Hexicon has partnered with Worley for the FEED, Engineering Procurement Fabrication (EPF) and installation management of demonstrator project TwinWay, in Norway. Following the successful completion of FEED, Worley will assume full responsibility for the fabrication phase which is planned to commence during the fall next year. TwinWay is the first project where Hexicon’s patented design will be deployed at full scale.
TwinWay is a proof of concept to verify and commercialize Hexicon’s foundation technology for floating wind, TwinWind, at MetCentre deep water site off the coast of Norway. During the initial phase of the project Hexicon has achieved a statement of feasibility and certification report by DNV.
Worley delivers project and asset services for the energy, chemicals and resources sectors around the world and not only adds the experience and people power to execute the fabrication of the TwinWay project, but also plans to fabricate this project through their Rosenberg facility in Norway. Through the partnership, Worley will take over the project specific engineering, planning and fabrication phase, including the management of the installation, following successful completion of FEED.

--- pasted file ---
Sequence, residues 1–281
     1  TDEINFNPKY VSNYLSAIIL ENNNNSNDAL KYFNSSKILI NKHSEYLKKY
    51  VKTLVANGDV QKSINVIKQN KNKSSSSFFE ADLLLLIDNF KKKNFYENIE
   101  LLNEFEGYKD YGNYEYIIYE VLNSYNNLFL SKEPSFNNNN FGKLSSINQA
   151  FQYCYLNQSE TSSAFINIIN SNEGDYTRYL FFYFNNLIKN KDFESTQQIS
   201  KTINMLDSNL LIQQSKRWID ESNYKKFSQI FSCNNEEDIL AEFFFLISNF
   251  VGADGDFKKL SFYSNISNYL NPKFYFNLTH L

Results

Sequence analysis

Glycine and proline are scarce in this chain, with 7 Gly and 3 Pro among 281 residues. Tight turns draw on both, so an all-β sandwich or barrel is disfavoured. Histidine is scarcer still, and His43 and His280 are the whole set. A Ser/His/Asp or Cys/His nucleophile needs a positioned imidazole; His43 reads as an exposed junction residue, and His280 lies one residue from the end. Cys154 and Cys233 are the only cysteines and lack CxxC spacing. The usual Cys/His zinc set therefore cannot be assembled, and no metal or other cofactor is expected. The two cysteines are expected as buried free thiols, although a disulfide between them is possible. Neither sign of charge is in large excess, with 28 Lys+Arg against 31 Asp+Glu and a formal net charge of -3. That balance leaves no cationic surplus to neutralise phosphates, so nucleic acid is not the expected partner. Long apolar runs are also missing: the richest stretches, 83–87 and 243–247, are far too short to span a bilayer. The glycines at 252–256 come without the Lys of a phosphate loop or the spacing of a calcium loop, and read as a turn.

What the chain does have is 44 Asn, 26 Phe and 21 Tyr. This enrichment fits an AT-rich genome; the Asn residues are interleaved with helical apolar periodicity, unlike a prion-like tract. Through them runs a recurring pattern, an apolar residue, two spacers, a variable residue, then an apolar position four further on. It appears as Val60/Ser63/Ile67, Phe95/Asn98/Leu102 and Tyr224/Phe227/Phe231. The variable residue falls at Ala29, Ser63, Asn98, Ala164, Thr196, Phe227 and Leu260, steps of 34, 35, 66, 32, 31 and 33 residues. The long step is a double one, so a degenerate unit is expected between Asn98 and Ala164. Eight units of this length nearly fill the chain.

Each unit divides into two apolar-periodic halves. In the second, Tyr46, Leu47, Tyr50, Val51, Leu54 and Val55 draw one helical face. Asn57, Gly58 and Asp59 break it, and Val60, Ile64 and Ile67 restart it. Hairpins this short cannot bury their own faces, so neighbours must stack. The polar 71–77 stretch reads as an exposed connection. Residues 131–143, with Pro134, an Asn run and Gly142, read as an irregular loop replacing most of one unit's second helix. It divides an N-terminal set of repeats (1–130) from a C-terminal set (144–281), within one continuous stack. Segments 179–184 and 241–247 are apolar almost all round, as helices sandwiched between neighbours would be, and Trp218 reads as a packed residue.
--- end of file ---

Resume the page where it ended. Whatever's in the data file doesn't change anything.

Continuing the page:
Marcus Thor, CEO of Hexicon said: “After years of development, numerical analyses and physical model testing, we are now putting the final pieces in place to deploy the full-scale version of our patented design. This is naturally an important milestone to prove the benefits of our technology and accelerate the journey towards commercialization. Worley is a well renowned tier one contractor in the renewable sector, and I’m thrilled that their deep competence and infrastructure will be engaged as TwinWind becomes a reality.”
Chris Cowland, Vice President Global Offshore Wind of Worley said: “We’re excited to be part of such a groundbreaking project as TwinWay, in an industry that is forecasted to grow exponentially over decades to come. The learnings and collaboration through this project will not only provide crucial evidence of the specific and highly promising technology, but also why wind power in deep water areas will be an important part of the global transition to renewable energy.”